Answer choice (B): There is no implication that the creditors would be the chief beneficiaries, only that they might benefit.

Answer choice (C): This is a potentially tricky wrong answer choice. The referenced implication is that the creditors might unexpectedly benefit from laws that serve an interdependent society, but the author does not discuss whether the creditors were considered when the bankruptcy laws were formulated.

Answer choice (D): This is the correct answer choice. The implication, as prephrased, is that creditors may, surprisingly, benefit from laws intended to help debtors.
Answer choice (E): There is no implication that the creditors were involved in formulating modern bankruptcy laws. Further, the author implies that the creditors were surprised to benefit from the laws, so it seems unlikely that they were involved in their formulation.

Question #3: The correct answer choice is (A)

The author's attitude is that the old laws were counterproductive and detrimental, and the modern approach to bankruptcy makes more sense for all parties involved.

Answer choice (A): This is the correct answer choice, and reflects our prephrase above. The author approves of the modern approach as more reasonable and effective than the historical approach.

Answer choice (B): This answer goes too far. The author agrees with the changes that have taken place, but does not go so far as to claim that no further changes to the laws will ever be necessary.

Answer choice (C): The author's attitude is not neutral; it is supportive of the changes that have taken place, so this answer choice Is incorrect.

Answer choice (D): The author is not skeptical, but supportive of the idea that bankruptcy under the modern approach can serve the interests of both debtors and creditors.

Answer choice (E): The author supports modern legislation, and never suggests that newer intent, so this answer choice should be eliminated.

Question #4: The correct answer choice is (E)

The author's main purpose is to discuss the old and new approaches to bankruptcy, and explain the modern approach is preferable.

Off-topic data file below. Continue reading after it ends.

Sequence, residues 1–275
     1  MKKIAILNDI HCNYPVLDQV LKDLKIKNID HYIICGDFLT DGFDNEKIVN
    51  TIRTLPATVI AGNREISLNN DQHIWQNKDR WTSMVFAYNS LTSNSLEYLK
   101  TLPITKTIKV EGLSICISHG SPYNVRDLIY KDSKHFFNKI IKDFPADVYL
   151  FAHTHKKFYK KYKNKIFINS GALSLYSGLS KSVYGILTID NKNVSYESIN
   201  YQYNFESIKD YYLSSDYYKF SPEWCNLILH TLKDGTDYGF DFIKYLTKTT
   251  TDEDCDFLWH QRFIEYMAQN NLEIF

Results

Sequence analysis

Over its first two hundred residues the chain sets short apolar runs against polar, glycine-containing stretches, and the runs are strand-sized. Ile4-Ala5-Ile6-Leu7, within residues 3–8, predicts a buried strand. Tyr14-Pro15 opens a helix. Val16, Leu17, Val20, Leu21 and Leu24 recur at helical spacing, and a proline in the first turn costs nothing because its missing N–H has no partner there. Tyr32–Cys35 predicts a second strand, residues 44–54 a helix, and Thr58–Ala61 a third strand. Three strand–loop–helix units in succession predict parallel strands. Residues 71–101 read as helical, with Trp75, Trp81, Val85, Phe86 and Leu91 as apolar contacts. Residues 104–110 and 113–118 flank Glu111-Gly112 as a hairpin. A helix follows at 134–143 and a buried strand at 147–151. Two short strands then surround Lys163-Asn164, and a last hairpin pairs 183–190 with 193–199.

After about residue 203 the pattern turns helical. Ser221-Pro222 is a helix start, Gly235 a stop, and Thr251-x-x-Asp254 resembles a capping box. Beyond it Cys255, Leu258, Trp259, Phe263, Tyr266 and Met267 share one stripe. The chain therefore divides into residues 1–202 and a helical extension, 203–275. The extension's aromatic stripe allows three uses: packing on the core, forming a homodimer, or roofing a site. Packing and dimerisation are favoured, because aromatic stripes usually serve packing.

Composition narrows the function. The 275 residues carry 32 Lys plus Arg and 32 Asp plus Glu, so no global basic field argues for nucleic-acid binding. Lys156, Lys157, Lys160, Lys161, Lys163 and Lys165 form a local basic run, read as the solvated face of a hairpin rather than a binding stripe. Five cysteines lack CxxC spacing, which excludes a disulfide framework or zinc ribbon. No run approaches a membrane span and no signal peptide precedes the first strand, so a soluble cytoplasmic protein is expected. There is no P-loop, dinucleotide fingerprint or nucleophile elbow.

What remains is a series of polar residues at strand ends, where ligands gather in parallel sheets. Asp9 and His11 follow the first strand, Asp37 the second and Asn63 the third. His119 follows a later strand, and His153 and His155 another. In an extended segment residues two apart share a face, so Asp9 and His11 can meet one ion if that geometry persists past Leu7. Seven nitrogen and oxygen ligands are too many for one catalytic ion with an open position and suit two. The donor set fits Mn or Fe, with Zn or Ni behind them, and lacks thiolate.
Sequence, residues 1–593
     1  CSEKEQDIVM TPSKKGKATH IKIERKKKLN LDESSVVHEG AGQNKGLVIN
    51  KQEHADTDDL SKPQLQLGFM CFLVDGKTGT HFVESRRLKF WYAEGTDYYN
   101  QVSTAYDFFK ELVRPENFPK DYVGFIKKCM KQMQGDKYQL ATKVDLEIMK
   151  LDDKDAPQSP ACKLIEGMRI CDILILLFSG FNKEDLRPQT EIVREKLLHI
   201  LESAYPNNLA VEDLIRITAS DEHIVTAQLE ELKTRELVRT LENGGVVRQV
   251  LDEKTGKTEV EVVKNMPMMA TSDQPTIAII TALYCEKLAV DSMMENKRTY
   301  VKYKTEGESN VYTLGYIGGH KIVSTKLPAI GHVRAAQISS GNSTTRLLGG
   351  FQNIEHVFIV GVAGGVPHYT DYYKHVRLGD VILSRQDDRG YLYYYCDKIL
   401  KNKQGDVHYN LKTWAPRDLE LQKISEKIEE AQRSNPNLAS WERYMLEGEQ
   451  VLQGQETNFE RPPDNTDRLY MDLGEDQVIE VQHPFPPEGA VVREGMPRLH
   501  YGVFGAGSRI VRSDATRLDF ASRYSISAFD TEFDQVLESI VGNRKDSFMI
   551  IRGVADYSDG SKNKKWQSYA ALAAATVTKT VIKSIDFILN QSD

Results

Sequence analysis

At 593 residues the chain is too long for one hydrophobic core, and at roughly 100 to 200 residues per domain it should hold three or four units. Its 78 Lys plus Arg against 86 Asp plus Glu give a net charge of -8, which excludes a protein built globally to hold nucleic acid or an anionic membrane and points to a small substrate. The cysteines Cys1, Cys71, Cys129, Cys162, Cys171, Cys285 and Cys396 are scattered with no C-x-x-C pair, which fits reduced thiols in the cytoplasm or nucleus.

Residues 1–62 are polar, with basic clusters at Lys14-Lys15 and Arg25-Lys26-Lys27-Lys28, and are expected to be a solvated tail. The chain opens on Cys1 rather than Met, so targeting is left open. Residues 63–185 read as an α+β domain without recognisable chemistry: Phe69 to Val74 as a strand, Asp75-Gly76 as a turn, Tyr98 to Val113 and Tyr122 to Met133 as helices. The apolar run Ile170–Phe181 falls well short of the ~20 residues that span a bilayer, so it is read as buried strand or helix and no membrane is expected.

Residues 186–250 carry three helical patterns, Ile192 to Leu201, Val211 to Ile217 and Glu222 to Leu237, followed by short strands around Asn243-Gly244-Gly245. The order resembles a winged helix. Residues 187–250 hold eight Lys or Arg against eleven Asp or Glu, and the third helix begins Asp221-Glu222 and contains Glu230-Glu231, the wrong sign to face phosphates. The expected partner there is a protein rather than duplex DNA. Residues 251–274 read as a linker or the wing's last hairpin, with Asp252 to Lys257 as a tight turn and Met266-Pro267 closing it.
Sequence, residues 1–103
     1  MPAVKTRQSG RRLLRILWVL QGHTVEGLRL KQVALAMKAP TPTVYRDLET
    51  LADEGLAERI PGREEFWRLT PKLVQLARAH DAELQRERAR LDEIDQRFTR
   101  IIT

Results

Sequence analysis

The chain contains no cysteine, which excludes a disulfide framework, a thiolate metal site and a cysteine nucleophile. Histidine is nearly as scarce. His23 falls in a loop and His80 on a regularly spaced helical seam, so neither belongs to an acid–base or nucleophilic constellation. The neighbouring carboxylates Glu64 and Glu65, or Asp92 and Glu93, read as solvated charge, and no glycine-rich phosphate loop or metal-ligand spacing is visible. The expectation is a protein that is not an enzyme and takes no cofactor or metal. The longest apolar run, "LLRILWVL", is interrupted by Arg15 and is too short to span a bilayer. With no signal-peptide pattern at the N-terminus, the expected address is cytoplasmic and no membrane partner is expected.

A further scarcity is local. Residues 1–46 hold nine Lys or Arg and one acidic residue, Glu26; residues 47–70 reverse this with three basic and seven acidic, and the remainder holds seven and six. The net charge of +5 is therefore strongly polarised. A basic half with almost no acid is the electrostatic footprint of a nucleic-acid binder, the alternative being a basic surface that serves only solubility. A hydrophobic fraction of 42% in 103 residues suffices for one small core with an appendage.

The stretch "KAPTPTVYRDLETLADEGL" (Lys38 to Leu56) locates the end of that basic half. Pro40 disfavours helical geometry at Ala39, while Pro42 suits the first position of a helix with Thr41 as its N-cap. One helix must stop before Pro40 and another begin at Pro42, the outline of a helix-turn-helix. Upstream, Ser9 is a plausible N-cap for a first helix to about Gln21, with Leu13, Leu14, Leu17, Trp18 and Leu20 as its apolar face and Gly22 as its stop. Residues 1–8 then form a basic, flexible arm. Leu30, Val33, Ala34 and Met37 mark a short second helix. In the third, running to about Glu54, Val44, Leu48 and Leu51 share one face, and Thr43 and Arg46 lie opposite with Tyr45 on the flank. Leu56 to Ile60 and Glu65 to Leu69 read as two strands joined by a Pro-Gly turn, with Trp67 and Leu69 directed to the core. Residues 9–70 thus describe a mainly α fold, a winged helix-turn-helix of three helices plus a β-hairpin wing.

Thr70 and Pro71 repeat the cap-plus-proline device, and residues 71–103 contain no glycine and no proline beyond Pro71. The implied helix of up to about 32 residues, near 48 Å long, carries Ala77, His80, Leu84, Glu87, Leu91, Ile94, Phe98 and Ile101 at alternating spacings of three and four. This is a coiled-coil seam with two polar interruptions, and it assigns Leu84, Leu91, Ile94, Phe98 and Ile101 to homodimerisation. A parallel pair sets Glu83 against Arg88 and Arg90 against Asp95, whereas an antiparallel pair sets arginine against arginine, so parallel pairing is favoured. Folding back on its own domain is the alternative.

Answer choice (A): The passage does discuss both past and present approaches, but the purpose is more than to provide a critique of each.. The author clearly wants to support the modern approach and warn against going back to the historical approach.

Answer choice (B): The author does compare the old approach to the new approach, but this is not the primary purpose, which is to lend support to the modern perspective on bankruptcy.

Answer choice (C): The author does not seek to criticize currently proposed changes, but to warn against the historical, punishment-based perspective.

Answer choice (D): The author supports the modern perspective on bankruptcy, and does not discuss further improvements.

Answer choice (E): This is the correct answer choice. The author discusses the basis of the modern approach, and provides several points in support of this perspective.

Question #5: The correct answer choice is (A)

To prephrase the answer to this question, we should consider what drove the historical perspective. This comes from the discussion in the second paragraph, in which the author explains that insolvent debtors were seen as negligent or unwilling to pay, and it was necessary to punish and remove these
contract breakers from society.

Answer choice (A): This is the correct answer choice. The historical perspective saw the insolvent as deserving of punishment. Punishment was a primary focus of the old perspective, so a propoent of this perspective would likely call for punitive sanctions.

Answer choice (B): This is a popular wrong answer, as it seems a reasonble defense of a punitive approach. The passage does not present deterrence as a driving justification for the historical approach, however, so this answer choice is incorrect.